First Maschine Workshops in Berlin

Last weekend we held our very first big brain audio Maschine workshops in Berlin. It was also the first time we had workshops in wintry weather, with a blanket of snow and ice covering much of northern Europe. Unfortunately, this also caused problems for people who wanted to attend because of cancelled flights and closed roads. But we still managed to have two great groups of people from eight different countries, all with different backgrounds and types of experience.

NI Maschine Controller

I could never have pulled this off without Mads Lindgren, who co-taught the course with me. Mads is a real virtuoso on Maschine and has really opened my eyes into the potential of it. Native Instruments calls Maschine a “Groove Production Studio” and although that is not wrong, it doesn’t really nail it for me, especially after working with Mads. Maschine is much more of an instrument, a sort of control center that you play in your production or performance environment. Watching Mads plunge into a performance is more than impressive; it also makes you realize that Maschine is not just a piece of music software, not another sequencer, not even another MPC-type device. It is really a musical instrument, a playable and performable instrument.

The one-day workshop format (from 10:00 am to 5:00 pm) turned out well, although that means you have to really pack the day with information. I’m sure we could have spread each workshop over two days, with even more production-oriented exercises and more discussion. For example, we could have certainly spent more time on using Maschine as a plugin. But all in all, everyone was happy with the workshops and what they learned.

Maschine Controller EditorOne thing I have noticed is that even people who have been using Maschine for a long time haven’t really “got it”; they think of Maschine as a piece of software that comes with a MIDI controller (“nice pads,” they say). They don’t put the hardware controller where it should be: front and center. With the Maschine controller, you can do SO much without reaching for a computer keyboard or mouse, or looking at the computer screen. In fact, the fun really begins when you get away from the computer and its peripherals. You can do just about anything using the controller alone: navigation, browsing, sampling, editing, pattern making, effects tweaking, and so on.

This is important because just picking up the mouse slows you down and makes your brain switch modes. You get out of the flow of music making. Keeping on the controller, however, you get into a state of kinetic flow, something that has a lot more to do with muscle memory and real playing than picking up your mouse and looking for a pulldown menu to fiddle with. Also, software music production tools have become so visually well-designed with lots of eye-candy that we sometimes forget to use our ears and just listen!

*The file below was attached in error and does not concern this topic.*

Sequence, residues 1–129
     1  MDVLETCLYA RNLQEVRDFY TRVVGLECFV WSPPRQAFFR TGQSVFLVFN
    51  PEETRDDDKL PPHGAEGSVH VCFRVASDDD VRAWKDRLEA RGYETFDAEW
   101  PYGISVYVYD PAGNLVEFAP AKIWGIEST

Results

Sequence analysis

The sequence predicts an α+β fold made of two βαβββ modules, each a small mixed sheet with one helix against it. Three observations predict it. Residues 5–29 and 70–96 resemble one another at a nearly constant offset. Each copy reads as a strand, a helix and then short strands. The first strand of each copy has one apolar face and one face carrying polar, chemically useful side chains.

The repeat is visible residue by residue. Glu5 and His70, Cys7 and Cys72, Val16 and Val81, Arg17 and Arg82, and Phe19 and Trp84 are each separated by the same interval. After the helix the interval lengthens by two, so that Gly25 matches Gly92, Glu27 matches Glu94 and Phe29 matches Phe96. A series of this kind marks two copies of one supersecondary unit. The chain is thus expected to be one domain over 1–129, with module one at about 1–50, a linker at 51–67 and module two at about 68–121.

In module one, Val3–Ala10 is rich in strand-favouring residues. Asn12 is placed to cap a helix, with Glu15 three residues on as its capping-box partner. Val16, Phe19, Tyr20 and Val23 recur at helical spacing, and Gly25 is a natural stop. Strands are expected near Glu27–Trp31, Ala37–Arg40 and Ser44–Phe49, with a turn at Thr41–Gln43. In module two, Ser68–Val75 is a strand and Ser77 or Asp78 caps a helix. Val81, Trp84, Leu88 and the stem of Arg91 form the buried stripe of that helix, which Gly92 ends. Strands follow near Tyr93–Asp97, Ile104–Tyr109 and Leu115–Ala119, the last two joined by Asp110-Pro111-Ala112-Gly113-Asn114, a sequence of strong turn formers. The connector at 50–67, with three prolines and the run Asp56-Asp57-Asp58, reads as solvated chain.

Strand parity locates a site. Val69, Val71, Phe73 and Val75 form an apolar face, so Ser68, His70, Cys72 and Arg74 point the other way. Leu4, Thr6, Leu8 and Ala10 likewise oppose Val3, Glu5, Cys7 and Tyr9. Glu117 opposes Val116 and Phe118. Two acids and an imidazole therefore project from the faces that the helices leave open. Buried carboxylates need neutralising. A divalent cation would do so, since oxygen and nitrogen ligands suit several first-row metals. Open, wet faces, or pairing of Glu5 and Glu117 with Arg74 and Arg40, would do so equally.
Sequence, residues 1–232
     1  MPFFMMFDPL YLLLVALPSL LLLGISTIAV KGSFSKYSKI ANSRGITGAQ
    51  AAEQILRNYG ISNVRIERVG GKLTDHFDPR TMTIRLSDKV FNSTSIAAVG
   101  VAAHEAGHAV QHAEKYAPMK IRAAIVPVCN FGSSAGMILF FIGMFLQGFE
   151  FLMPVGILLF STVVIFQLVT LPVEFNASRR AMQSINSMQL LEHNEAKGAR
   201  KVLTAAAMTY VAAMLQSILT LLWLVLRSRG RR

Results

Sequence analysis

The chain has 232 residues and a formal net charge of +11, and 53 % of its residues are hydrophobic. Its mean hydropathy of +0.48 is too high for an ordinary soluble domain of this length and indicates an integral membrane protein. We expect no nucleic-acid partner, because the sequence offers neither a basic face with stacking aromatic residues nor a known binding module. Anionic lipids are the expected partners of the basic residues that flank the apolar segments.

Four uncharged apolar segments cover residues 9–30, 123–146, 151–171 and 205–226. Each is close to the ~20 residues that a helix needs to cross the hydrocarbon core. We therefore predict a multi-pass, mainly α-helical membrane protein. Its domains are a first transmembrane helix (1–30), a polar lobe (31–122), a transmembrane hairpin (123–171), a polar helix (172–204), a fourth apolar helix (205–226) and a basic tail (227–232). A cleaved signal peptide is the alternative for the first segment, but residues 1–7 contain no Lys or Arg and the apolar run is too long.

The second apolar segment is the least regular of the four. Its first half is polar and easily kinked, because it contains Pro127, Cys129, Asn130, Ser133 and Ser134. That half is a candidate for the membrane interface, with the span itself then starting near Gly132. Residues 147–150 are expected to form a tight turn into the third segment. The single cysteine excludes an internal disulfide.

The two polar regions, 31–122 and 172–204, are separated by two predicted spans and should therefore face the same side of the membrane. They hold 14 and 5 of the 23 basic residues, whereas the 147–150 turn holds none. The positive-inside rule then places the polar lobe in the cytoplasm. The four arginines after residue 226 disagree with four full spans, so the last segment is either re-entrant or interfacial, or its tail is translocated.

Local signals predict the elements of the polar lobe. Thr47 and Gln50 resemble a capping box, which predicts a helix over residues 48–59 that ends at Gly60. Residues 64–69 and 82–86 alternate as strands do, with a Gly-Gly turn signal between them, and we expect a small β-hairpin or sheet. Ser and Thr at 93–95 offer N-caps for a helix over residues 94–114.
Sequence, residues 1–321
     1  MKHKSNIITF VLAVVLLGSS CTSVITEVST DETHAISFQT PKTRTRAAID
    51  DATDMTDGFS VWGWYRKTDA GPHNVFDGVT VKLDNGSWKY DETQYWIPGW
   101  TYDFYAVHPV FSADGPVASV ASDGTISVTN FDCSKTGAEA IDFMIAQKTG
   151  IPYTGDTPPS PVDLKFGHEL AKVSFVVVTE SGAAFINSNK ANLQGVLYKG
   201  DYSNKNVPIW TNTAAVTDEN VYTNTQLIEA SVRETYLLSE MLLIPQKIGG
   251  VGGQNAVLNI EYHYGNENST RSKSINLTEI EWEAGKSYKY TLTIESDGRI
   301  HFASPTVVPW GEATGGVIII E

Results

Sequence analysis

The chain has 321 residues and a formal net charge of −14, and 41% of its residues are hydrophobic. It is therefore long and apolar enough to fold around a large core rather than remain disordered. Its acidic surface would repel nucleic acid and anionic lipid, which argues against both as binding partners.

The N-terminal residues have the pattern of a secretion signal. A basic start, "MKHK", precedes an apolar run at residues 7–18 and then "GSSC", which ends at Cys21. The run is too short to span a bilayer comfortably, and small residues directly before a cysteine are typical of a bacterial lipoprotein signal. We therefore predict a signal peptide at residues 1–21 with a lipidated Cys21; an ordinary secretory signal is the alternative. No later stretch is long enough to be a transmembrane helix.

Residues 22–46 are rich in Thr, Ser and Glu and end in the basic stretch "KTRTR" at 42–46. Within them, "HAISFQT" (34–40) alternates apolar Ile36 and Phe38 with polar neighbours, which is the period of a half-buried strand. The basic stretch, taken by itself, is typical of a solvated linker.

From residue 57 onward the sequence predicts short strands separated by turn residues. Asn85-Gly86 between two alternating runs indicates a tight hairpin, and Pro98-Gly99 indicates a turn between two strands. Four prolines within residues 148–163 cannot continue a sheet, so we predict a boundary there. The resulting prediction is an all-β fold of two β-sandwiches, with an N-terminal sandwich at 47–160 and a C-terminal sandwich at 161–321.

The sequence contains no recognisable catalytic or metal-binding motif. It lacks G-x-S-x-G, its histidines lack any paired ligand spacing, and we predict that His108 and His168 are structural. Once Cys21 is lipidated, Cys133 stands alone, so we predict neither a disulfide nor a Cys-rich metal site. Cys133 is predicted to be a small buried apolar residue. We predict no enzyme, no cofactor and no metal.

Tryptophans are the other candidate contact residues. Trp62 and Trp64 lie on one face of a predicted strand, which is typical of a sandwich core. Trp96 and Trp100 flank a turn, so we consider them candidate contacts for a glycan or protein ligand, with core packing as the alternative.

Although most of the time was spent during the workshops focused on Maschine in the standalone mode, plugging Maschine into your favorite DAW also makes a lot of sense. We showed Maschine inside of Ableton Live, using the Maschine controller to pilot both the Maschine software AND Live, switching back and forth at will, with no lag and while playing. Really nice. The Maschine controller template for Live is very well-designed and makes the hardware a good Live controller in its own right.

Maschine controller from the sideAnother thing that I’ve realized recently is that there is a whole lot that is not in the Maschine documentation. This is probably due to the ninja-like Maschine team at Native Instruments, who have created an intensive feedback loop between developers, designers, testers, and power users. Sometimes things go so fast, they just slip through the cracks and don’t make it into the current version of the manual. And sometimes there are buried features that even the deepest user wouldn’t notice unless they were moving along a very specific workflow.

For example, step-sequenced effects and effect chaining just don’t hit the radar of most users, even though these are examples of use cases which add a number of creative possibilities to any serious Maschinist’s bag of tricks.

On Sunday night when both workshops were over, Mads turned to me and said: “You know, I could do this all the time; you get SO much back from the people you teach!” And he’s right: once again, we had two really fine groups of people who were not only hungry to learn, but eager to share.